Chitrangada, an army officer's daughter, says: "I knew no one from the film industry. I never thought it would be easy for me to be in movies. But I've always been a total movie buff - acting, dancing and singing through school. Then I did a number of ads and music videos. `Hazaaron Khwaishein Aisi' just happened. Someone from Delhi suggested my name to Sudhir Mishra."
She admits the political ideology of Mishra's film was a bit too much for her. "Sudhir briefed me about it. But he told me not to get into the politics. He wanted me to look at my character Geeta as just a girl who could belong to any phase or time. 'Don't let anyone intellectualise the character too much for you,' he warned me.
"I internalized her to the best of my abilities. But I must admit I was daunted by the complexity of the character. I had never done a film before, but Sudhir was very confident. After the film's release, one of the best compliments I received was from a critic who said I don't act, but react. That's exactly what I tried to do. There were such fantastic theatre actors in `Hazaaron...' I had to go purely by instinct. I kept it simple."
Chitrangada, who is now settled in Mumbai and looking for greener pastures, admits she isn't being offered hardcore commercial cinema.
"I guess because I've done the offbeat role well they presume I can't do anything else. Fortunately, I've another film coming up. It's called `Kal' and is directed by Sudhir Mishra's former assistant Ruchi Narain. I play a regular 26-year old Mumbai girl in a female-centric plot. And it's completely in Hindi. It isn't an out-and-out commercial film, but it's a thriller, a murder mystery. Then I'm talking to other people about other roles..."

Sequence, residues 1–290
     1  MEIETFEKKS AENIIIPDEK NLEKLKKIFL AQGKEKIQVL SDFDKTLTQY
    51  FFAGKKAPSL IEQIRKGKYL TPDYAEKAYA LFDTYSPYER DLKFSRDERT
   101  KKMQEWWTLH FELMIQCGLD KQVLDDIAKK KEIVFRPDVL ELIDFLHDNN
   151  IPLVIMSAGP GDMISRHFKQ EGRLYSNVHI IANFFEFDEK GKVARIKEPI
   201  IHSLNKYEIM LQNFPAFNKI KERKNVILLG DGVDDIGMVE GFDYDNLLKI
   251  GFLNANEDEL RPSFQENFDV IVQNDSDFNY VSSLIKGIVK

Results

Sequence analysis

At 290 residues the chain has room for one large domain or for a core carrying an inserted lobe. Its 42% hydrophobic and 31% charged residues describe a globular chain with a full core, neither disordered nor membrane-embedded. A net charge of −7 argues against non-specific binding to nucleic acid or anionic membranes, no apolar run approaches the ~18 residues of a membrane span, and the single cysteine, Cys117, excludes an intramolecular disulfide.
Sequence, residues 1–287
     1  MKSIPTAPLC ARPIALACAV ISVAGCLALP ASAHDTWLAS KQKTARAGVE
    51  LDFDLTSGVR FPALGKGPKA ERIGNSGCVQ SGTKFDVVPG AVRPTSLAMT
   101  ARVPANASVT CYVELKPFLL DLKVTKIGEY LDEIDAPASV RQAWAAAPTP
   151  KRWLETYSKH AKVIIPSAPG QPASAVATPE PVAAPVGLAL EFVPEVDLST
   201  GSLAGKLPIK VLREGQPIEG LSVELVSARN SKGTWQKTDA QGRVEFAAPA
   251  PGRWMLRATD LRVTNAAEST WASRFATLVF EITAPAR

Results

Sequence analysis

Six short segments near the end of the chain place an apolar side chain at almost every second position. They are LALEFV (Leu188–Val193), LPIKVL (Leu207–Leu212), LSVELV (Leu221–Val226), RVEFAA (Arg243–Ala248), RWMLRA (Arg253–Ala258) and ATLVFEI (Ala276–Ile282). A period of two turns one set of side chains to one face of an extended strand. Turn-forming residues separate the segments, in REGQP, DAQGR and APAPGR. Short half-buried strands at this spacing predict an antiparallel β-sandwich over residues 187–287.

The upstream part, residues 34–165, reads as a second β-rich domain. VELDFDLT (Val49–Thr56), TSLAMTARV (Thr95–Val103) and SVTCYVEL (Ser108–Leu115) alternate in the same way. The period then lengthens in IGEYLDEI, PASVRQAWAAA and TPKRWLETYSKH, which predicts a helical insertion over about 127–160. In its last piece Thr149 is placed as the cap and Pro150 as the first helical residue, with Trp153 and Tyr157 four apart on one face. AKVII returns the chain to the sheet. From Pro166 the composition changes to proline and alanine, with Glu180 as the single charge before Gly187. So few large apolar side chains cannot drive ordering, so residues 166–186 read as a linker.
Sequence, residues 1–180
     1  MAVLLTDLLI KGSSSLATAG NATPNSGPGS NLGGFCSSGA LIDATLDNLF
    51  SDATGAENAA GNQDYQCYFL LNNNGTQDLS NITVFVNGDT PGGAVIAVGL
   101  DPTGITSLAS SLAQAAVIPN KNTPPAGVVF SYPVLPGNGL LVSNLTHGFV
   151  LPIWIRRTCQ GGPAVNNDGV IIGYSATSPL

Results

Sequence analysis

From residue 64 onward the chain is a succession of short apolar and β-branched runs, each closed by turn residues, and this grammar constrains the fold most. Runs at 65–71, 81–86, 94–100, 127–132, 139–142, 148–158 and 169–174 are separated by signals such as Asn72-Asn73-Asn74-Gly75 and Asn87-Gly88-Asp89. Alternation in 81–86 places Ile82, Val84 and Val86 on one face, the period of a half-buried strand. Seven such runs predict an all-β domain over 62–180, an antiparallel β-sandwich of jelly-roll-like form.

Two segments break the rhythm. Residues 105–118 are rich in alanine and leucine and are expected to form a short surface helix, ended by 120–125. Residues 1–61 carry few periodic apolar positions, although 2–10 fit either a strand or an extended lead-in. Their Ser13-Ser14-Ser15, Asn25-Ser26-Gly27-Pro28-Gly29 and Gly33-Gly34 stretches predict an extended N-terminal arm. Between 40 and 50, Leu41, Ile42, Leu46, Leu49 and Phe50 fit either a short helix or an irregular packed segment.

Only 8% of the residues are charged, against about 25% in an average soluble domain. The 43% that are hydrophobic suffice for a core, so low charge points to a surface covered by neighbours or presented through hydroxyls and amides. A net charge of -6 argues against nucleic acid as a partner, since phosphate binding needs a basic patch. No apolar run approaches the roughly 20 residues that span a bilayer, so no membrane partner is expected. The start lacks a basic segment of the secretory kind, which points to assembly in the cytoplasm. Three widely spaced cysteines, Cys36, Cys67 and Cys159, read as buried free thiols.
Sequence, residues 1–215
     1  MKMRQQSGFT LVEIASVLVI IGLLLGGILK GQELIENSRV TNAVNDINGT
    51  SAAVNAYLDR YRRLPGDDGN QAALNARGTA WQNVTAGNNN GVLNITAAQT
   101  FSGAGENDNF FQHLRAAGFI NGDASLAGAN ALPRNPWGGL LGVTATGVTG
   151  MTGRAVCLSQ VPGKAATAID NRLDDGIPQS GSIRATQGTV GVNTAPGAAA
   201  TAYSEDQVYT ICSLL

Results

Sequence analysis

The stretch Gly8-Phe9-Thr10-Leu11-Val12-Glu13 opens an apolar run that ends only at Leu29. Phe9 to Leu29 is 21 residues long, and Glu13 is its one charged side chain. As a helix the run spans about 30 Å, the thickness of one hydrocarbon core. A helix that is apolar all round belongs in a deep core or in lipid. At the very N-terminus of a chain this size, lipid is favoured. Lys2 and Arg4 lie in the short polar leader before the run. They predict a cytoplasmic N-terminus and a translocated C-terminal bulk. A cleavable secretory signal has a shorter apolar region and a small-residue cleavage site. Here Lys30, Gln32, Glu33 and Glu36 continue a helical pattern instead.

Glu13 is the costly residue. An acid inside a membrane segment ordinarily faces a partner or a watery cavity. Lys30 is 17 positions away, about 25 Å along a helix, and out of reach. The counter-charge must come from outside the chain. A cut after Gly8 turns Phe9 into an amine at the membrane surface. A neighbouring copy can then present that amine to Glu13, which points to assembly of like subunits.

She trails off. And you look at her as yet another avant-garde actress unsure of her next move after the first off-mainstream step into cinema.
"The response to my performance in `Hazaaron Khawaishein...' has been fantastic. Vishal Bhardwaj insists he'll write a film only for me. That's how much I've inspired him. Ashutosh Gowariker keeps calling me `amazing'. Ketan Mehta has seen the film repeatedly."
Tell her the film hasn't worked at the box office and Chitrangada protests.
"I think it has worked on some level. I've got calls from youngsters who don't relate to the politics, but love the love story in the film. It's amazing how differently everyone has interpreted the work. Some friends had to sit in the third row of a theatre and watch it... no tickets!"
The film's producers, Pritish Nandy Communications, should be happy to hear that, but none of the admiring filmmakers are coming forward to offer her roles.
"I know. But I'm sure they have me in mind. What I did in `Hazaaron Khawishein Aisi' wasn't easy. If I can carry off that, I'm confident I can carry off any role. It's fascinating how much variety Bollywood has to offer an actor. It's like an ongoing party. Everyone is making a film. Some are crossing over, others are going parallel. It's the best time for an actress to be in Indian movies. I'd love to work with Ashutosh Gowariker, Fahan Akhtar, Mira Nair... I just need to hold on."